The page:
‘Arming the Commonwealth’ shows of Virginia’s past as a weapon producer and collector

by | Oct 7, 2016 | POLITICS

The Virginia Historical Society’s most recent addition entitled “Arming the Commonwealth” displayed a unique variety of weapons, munitions, and accessories manufactured and used in the state of Virginia during some of its most important and historical moments.

The Virginia Historical Society’s most recent addition entitled “Arming the Commonwealth” displayed a unique variety of weapons, munitions, and accessories manufactured and used in the state of Virginia during some of its most important and historical moments.

“It took over a year for the museum to acquire, research, and assemble each of the weapons,” said Andy Talkov, Vice President of Programs for VHS. ”There is an inherent beauty to each of the pieces.”

Each item displayed in the exhibition are given a timeline-like description which allows patrons the opportunity to better understand at what point in our nation’s history these artifacts were made. Richmond served as a critical staging ground for the development of weapons during many of the military conflicts of the 1800s. It was critical not only for advances on the Union capitol of Washington D.C. during the Civil War, but also as a hub for all supplies, ammunition, and weaponry to be distributed to each of the numerous battlegrounds.

Several maps and references make note of Harper’s Ferry being a vital location for the manufacturing of 19th Century weaponry, and according to Talkov it wasn’t until the military engagement there that the remaining resources were transferred over to the Virginia Manufactory of Arms in Richmond.

“John Brown’s raid on the arsenal at Harper’s Ferry forced the Confederate army to relocate several key components of their manufacturing machinery to the southern capital,” Talkov said. “Several of the pieces within this collection are put together from scraps acquired from both munitions factories.”

But the Civil War isn’t the only historical event these weapons are representatives of. The evolution of all Virginia’s weaponry dates back to use of flintlock pistols and rifles, that served in the defense of one’s land and in some cases honor.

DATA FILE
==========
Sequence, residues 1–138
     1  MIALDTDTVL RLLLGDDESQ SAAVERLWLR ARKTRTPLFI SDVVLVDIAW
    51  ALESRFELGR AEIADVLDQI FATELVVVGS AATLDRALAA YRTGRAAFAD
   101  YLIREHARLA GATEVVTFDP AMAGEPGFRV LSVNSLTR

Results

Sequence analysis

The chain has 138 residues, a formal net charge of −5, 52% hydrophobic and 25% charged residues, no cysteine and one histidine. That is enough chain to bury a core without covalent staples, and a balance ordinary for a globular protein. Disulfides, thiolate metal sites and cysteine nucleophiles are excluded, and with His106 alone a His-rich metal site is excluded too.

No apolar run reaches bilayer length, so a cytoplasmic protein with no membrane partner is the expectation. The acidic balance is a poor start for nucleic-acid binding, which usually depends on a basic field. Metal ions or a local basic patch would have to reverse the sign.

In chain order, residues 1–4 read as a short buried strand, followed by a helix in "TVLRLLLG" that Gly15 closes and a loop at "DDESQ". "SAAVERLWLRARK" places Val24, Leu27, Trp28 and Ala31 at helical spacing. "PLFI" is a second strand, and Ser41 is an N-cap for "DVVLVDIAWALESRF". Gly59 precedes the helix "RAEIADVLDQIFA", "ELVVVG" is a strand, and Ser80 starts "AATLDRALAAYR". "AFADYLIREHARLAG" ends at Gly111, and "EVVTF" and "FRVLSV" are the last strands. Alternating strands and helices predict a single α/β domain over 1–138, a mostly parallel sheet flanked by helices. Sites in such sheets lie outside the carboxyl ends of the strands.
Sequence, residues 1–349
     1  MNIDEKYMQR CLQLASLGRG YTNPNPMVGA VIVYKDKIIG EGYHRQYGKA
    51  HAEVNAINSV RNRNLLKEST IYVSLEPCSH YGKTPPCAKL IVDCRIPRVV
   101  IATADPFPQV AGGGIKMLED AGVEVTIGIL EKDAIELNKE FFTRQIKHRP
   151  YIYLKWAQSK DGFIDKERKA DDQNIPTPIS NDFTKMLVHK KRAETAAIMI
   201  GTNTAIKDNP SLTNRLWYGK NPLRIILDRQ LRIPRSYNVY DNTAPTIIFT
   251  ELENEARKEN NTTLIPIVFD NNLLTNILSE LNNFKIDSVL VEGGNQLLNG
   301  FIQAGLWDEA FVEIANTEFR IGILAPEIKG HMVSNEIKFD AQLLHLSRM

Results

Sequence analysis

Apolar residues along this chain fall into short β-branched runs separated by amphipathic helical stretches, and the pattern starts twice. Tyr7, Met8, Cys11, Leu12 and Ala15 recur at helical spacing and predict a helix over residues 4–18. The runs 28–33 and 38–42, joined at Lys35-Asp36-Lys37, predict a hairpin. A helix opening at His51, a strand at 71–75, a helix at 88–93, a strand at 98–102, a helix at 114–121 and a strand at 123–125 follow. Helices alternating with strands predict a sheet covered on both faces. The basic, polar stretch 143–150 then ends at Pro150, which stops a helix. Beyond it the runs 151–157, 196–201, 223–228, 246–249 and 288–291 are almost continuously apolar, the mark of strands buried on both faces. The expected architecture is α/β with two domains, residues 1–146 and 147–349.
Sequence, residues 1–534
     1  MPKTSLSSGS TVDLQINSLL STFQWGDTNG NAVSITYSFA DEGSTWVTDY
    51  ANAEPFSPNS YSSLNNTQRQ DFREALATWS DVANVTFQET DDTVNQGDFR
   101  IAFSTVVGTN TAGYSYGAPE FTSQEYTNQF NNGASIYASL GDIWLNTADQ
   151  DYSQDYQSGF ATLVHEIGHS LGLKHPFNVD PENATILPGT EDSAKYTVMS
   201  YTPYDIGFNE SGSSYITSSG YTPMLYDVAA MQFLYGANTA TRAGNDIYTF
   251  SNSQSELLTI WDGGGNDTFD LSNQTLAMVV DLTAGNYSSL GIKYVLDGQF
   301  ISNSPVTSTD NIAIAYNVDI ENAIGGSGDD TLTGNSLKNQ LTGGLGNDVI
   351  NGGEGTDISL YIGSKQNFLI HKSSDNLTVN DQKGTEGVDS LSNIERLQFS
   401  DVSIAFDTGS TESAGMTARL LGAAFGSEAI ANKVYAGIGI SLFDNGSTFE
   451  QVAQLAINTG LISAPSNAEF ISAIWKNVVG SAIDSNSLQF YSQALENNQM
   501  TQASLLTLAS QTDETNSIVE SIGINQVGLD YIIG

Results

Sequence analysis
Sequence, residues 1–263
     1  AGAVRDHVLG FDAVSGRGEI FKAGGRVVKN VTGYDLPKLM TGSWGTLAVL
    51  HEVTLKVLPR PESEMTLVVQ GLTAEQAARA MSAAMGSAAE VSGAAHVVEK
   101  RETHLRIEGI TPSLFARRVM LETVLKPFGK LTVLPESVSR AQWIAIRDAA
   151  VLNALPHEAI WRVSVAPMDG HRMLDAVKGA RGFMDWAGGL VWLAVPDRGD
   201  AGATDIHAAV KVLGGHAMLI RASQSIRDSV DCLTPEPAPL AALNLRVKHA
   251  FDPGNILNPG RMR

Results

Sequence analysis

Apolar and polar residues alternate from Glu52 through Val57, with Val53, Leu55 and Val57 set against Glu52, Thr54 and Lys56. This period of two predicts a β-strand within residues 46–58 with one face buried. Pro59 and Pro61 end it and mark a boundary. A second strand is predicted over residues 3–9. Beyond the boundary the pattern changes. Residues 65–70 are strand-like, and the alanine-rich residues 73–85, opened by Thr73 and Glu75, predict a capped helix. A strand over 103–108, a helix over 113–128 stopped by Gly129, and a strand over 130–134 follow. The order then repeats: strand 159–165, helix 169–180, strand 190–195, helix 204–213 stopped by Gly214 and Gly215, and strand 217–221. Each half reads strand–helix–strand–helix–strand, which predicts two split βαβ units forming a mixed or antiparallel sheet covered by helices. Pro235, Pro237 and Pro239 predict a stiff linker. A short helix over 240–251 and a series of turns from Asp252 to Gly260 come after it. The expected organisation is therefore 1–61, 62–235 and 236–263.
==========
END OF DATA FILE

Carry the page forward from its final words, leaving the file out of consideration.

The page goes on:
“Guns were not always just used for the defense of one’s life or property,” said Andrew Talkov, Vice President of Programs at VHS, during a tour of the exhibit. “As civil disputes became more prevalent with the growth of the local populace, many saw dueling as a legitimate means of instilling justice.”

Displayed on one of the wall mounts are a pair of pistols that were used in one such famous duel, where two men had been at odds over the publication of slanderous gossip regarding a mutual love interest. “A lot of these conflicts were arranged by representatives from both parties,” says Talkov, on the subject of dueling as a solution to civil strife. “If the seconds had been better at their jobs, many of these conflicts could have been avoided.”

It wasn’t until 1810 that Virginia finally passed the Anti-Dueling Act.

“The practice still continued until the 1880s however,” says Talkov,”and it was only because of the improvements in firearm technology that people finally begin to see dueling as cold-blooded killing as opposed to a method of solving personal disputes.”

Included in the exhibition is a section dedicated to the weapons that revolutionized hunting as a sport rather than a necessity. With the influx of secondhand weapons, anyone could start collecting and modifying their own arsenal. One particular piece that drew the eye was a restored Whitworth rifle with the bullet presented beside it.

“These rifles were unique in that they had a five-groove barrel and a 1-in-48″ twist,” Talkov said. “That gave the bullets a further stabilized flight pattern.”

“Hunting for sport has contributed immensely to the development of more advanced forms of consumer weaponry,” Talkov said. “And it’s not only the weapon technology that has seen these advancements. Ammunition as well as the different aesthetic aspects of the firearms all came about because of the desire to build off of what was already established.”

And while each portion of the exhibit focuses on separate stages of weapon development and use within the commonwealth of Virginia, it is important to note the similarities each of them have as they progressively become more modernized.

The next guided tour with Andrew Talkov is scheduled for November 9th, and all information regarding times can be viewed through the Virginia Historical Society’s website.

Brad Kutner

Brad Kutner




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